FORMER Health and Human Services Secretary Richard Schweiker loves to tell the story of the night he and the woman nominated to succeed him were on a red-eye flight to London. Schweiker, then a senator from Pennsylvania, and Margaret Heckler were part of the same congressional delegation heading for an exchange with the British Parliament.

"Just about everyone was sound asleep and they were showing this movie. It was something like 'The Towering Inferno,' where a big building burns down . . . The screen was tremendous. It took up the whole front of the tourist cabin . . .

"Well, right at the part where the whole building dramatically goes up in flames, Peggy woke up, saw the explosion and started screaming. She thought the plane was burning up and she kept yelling "Fire! Fire!" . . . She alarmed everyone. It was the funniest thing I'd ever seen . . . We finally did calm her down . . ."

Little wonder she is often portrayed as excitable and impulsive. As an eight-term moderate congresswoman, Heckler acquired a reputation for being both shrill in her arguments and tenacious in her aims, often grandstanding on issues. She is known as a shrewd, tough political pro. But she is not remembered for her legislative victories; rather, she was considered a nervous voter with a scattered committee history.

Last month President Reagan nominated Margaret Mary O'Shaughnessy Heckler of Massachusetts, who lost her 1982 reelection bid, to be secretary of the Department of Health and Human Services. If confirmed by the Senate, Heckler, 51, will assume control of the third-largest budget in the world--$276 billion--after those of the United States and the Soviet Union.

One problem remaining as she awaits her confirmation hearings, however, is her $190,000 campaign debt, which the White House has asked her to clear up. "I told her that that condition had to be met before the nomination went to the Hill," said White House counsel Fred Fielding. "We wanted to be sure that had been done so if anyone had any questions about the contributions, they would have the opportunity to ask." Heckler made a large dent in her debt on Thursday night, when she raised about $150,000 at a $500-to-$1,000-a-ticket dinner at Boston's Harvard Club.

Although her boosters tout her as gutsy and energetic, Heckler's appointment has caused some White House aides to wince. She has little administrative experience, and her committee service has not provided much exposure to health and welfare issues.

Moreover, former staffers cite her high office turnover as evidence of poor management abilities.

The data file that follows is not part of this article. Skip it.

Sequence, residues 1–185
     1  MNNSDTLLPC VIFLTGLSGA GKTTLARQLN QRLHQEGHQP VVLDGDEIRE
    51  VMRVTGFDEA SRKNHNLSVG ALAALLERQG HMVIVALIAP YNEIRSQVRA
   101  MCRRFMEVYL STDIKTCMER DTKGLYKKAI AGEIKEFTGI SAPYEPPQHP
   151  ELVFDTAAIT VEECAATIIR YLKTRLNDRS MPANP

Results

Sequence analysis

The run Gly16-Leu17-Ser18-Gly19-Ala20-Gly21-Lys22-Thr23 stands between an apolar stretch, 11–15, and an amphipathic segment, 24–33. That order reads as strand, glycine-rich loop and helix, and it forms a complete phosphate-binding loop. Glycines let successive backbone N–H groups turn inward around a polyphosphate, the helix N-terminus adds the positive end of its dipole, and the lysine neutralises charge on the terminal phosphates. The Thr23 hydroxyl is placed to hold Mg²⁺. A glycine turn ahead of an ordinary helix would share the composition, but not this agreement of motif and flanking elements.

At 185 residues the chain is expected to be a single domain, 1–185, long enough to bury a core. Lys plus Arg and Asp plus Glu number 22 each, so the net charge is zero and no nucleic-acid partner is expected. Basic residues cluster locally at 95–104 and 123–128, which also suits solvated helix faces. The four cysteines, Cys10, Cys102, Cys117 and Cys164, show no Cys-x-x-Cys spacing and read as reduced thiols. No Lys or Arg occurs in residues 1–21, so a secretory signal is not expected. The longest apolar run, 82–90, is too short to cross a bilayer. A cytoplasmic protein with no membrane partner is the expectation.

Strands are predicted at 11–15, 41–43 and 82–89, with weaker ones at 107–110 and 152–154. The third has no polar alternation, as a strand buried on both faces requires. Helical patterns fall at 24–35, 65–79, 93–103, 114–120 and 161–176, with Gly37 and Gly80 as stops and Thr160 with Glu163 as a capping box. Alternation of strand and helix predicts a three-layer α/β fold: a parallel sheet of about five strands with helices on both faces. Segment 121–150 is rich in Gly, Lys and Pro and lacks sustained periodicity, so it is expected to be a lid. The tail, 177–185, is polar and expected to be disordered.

"It's a terrible appointment," said one White House aide. "It was done much too quickly and she doesn't have the background . . . They wanted a woman--I could have found them a woman . . . What qualifies her? She needed a job."

"What qualifies her?" says Edwin Meese, counselor to the president. "The fact that she's had a career in government, she's well-educated and the president thought she could do the job."

Within days of her nomination, the White House named as her deputy John Svahn, the no-nonsense commissioner of the Social Security Administration. Svahn is known as a Reaganite insider. Heckler's detractors maintain that he will actually be running the agency.

"You always need nuts-and-bolts people to run an agency," says another White House source. "The point is that she is articulate and one of the top qualifications for a Cabinet secretary is to have someone out front who can speak for the agency."

Indeed, Heckler is accustomed to publicity.

A Debbie Reynolds look-alike, she was elected to Congress at 35 after defeating a political landmark (21-term Rep. Joe Martin) and became an instant media favorite. At the same time, her colleagues and friends acknowledge, she's petrified of the press. Neither she nor her schedule was readily available during her recent campaign. Her office declined several requests to be interviewed for this article, citing "time constraints."

Yet she loves the attention, the same people say. Last year the cameras swooped in and she planted a big kiss on President Reagan's cheek as he left the House chamber after the State of the Union address. "She would invariably stake out the aisle at 6 or 6:30 if the address was at 9 . . . and wear something very bright to pick up the cameras," says one congressman.

Her ability always to surface moments before the flashes pop has earned her a nickname on Capitol Hill: "Peggy I'd-Walk-a-Mile-for-a-Camera Heckler."

For years, the Massachusetts delegation on the Hill has snickered about Heckler's languid pace in casting her vote. As one of only two Republicans from a liberal state, it was no secret that Heckler feared the political consequences of being on the wrong side of an issue. According to several members, she would normally wait until the entire delegation voted before committing herself.

Sometimes they played little practical jokes on her.

Once, a number of them voted, and after she followed suit, changed their votes. Another time, according to two members, several members of the delegation stood in the back of the chamber and watched her come in and look up at the lit board that would indicate how her colleagues from Massachusetts had voted.

They hadn't.

"She would get all flustered when we hadn't voted . . . She wasn't known for being decisive," says one Democrat from the delegation. "She would sit on the floor and just watch the board to see how everyone voted. It was kind of a joke . . ."

"That has been a standard joke about her voting," said Rep. Silvio Conte, the other Republican in the delegation. "But this is altogether different. She doesn't have to worry about getting votes any more. I think she'll change . . . She's worked very hard and earned her spurs . . . It's a good appointment."

Last year Heckler cosponsored a controversial bill on drug patents and then voted against it. The House fight against the bill--which would have protected patents for brand-name drug companies as opposed to the generics--was led by her liberal congressional opponent, Democrat Barney Frank. It was widely believed she switched her vote because of him.

But what her detractors on Capitol Hill label as indecisive and shallow, supporters defend as deliberative and cunning. When she finally does come to a decision, several say, she won't be budged. As proof, they cite her unbending support of women's issues.

"I suppose that's all true," said one longtime former aide about her vacillations. "Her colleagues make fun of her, but she did survive in a district that rightfully should have had a Democrat as representative. And she did it by very close calculations on how to vote. She's an astute, careful politician."